Consider this example. You, the advertiser, are an orthodontist offering services for Invisalign, the clear retainer. You only want to target 20 miles around your practice, not, say, the whole state of Massachusetts. So you go ahead and set up a campaign, assign it a budget and call it “Invisalign” and pack it full of Invisalign-related keywords: “Invisalign cost,” “Invisalign near me,” “Invisalign,” and others.
You come to find that the cost per click in this very local targeting is, on average, $10 dollars per click. That’s pretty expensive. Then, your Auction Insights reveal that you’re bidding against a whole range of advertisers. That explains why it’s so pricey.
Some include more prominent dentist office chains that have substantially more budget to spend than you, the digitally-savvy competitor orthodontist office with a dedicated marketer on staff, and a litany of dentists and orthodontists in 20 miles who are all bidding on “Invisalign” with all range of bids.
It’s a lot of competition you’re against, even though you’re spending a lot, you’re finding it hard to make an impact and get qualified individuals in the door for an appointment.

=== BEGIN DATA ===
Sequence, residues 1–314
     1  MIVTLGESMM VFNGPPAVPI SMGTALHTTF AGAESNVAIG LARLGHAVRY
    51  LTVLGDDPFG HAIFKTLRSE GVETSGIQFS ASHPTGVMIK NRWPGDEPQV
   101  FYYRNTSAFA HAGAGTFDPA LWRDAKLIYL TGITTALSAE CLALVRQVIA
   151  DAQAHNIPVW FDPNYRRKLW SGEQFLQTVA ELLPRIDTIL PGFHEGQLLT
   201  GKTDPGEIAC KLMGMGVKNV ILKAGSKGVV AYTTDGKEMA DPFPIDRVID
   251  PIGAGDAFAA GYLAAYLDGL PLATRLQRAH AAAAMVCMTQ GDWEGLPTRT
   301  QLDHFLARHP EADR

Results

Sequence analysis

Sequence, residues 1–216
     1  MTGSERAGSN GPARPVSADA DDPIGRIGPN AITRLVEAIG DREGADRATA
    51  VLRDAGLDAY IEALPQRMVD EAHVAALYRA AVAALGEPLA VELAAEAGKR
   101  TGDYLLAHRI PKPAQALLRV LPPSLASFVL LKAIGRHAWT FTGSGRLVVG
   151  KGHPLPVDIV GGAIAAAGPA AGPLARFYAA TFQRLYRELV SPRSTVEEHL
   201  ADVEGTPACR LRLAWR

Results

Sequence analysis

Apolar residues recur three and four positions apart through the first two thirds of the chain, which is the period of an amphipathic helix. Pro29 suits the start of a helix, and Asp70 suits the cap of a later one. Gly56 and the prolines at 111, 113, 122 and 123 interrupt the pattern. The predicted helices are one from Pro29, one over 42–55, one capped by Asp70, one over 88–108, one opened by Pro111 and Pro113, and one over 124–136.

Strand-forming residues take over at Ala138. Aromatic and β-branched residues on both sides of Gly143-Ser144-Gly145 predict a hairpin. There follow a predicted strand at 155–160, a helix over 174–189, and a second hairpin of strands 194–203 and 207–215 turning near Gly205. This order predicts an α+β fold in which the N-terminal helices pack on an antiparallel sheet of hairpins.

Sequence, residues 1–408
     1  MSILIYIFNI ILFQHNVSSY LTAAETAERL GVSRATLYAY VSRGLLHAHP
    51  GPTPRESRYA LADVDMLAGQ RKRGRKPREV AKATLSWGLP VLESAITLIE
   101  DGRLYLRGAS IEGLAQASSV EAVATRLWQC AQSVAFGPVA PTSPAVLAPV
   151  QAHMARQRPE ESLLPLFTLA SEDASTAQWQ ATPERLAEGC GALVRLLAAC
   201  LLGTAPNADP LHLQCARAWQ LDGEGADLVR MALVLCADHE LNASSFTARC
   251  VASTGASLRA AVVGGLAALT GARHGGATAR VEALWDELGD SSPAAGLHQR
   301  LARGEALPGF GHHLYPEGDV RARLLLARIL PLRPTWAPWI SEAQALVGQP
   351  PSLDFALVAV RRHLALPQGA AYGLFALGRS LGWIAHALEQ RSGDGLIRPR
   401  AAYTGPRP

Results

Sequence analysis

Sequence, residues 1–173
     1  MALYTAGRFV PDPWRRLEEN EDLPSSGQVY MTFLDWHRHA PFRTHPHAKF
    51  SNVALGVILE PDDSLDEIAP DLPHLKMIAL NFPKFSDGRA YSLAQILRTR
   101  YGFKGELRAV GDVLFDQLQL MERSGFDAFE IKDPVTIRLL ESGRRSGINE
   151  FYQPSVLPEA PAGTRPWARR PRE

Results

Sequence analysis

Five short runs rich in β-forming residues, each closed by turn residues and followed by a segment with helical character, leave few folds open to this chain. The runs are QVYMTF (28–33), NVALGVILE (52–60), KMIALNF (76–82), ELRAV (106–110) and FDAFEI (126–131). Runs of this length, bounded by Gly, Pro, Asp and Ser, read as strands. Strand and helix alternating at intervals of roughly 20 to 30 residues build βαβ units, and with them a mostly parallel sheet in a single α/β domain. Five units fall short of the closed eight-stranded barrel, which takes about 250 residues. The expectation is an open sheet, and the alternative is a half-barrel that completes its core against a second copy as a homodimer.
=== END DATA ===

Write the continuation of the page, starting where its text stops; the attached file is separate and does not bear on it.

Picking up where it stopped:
How do you get qualified business without spending more money?
The difference between bidding on, for example, “Invisalign’” and bidding on “Invisalign” in a campaign that’s only targeting dating services is subtle.
The former is leaving you open to have anyone typing in “Invisalign” and clicking your ad. It could be someone that is overtly looking for Invisalign; it could be someone with no intention of picking a provider; it could be someone that accidentally clicked your ad and everything between all of those options. The point is that you paid at least $10 for that click regardless of the user’s action.